Rheology of chemically modified triglycerides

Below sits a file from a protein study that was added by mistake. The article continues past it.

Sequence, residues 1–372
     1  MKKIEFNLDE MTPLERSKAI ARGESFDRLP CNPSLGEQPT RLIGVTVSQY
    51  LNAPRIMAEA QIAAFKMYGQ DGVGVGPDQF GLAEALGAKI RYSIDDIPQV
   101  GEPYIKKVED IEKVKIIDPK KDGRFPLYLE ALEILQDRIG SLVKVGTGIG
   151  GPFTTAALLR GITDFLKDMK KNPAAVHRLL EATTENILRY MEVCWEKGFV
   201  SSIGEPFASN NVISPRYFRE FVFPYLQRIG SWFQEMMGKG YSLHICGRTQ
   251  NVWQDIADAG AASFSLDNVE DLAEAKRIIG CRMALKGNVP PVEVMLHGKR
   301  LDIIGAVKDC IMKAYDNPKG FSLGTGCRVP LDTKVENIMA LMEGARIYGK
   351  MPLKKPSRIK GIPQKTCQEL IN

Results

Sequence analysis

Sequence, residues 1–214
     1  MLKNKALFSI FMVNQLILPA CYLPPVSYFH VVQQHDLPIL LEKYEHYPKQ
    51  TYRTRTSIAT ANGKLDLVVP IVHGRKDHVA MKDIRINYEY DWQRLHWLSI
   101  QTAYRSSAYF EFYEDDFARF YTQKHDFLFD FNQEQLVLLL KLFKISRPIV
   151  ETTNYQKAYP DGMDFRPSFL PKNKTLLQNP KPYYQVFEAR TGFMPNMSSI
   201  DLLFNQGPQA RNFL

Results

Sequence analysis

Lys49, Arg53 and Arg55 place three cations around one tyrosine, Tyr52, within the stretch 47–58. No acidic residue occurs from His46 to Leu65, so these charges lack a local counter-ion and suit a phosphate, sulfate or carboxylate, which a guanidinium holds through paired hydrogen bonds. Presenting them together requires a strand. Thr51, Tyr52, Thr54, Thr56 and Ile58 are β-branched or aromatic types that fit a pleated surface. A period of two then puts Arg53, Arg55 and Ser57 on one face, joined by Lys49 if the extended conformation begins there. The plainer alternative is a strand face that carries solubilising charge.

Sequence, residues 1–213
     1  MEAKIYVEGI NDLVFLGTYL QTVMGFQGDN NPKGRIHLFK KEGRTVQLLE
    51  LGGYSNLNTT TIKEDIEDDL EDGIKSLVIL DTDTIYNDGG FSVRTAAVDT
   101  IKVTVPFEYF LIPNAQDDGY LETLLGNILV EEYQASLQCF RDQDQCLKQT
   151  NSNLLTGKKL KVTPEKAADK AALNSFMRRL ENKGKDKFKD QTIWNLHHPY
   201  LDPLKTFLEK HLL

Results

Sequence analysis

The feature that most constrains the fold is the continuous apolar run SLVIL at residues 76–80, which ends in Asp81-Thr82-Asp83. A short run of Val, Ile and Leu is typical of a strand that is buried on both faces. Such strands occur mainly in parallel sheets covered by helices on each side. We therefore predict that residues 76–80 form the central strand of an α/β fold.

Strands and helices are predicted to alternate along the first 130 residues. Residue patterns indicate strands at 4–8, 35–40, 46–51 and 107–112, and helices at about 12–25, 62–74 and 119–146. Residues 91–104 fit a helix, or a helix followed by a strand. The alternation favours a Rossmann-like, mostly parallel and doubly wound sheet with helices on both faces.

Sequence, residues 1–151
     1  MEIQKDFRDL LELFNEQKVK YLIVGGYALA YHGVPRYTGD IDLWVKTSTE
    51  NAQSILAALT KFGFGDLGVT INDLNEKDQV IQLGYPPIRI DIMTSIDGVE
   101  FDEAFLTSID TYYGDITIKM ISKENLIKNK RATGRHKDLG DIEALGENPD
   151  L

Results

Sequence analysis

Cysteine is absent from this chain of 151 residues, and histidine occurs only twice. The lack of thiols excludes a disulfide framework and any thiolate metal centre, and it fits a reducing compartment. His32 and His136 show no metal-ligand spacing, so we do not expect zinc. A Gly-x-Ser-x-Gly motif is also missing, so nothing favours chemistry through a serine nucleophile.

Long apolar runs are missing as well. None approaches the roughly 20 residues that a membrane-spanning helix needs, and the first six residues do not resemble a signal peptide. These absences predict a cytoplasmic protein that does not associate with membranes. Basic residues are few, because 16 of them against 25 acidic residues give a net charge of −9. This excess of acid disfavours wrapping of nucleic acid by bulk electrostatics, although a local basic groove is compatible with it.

The rheology of chemically modified plant oils was determined to aid in their processing for polymers and other applications. Epoxidized and acrylated triglycerides were derived from various plant oils and model triglycerides. The viscosity of the unmodified oils decreased as the level of oil unsaturation increased. However, the viscosity of the epoxidized oils increased slightly as the level of epoxidation increased. Furthermore, the viscosity of the acrylated oils increased exponentially as the level of acrylation increased because of increased polarity. In addition, the viscosity of the acrylated oils increased as the average distance of the acrylate groups from the fatty acid chain ends decreased. Chemically modified and unmodified oils did not exhibit any shear-thinning behavior or any memory of shear history. The temperature dependence of the viscosity followed the Arrhenius law, and the activation energy decreased linearly with the level of acrylation. The addition of comonomers, such as styrene, reduced the viscosity of the acrylated oils exponentially as the comonomer concentration increased. However, the glass-transition temperature and modulus of the triglyceride-based polymers decreased as the styrene content decreased. © 2004 Wiley Periodicals, Inc. J Appl Polym Sci 95: 774–783, 2005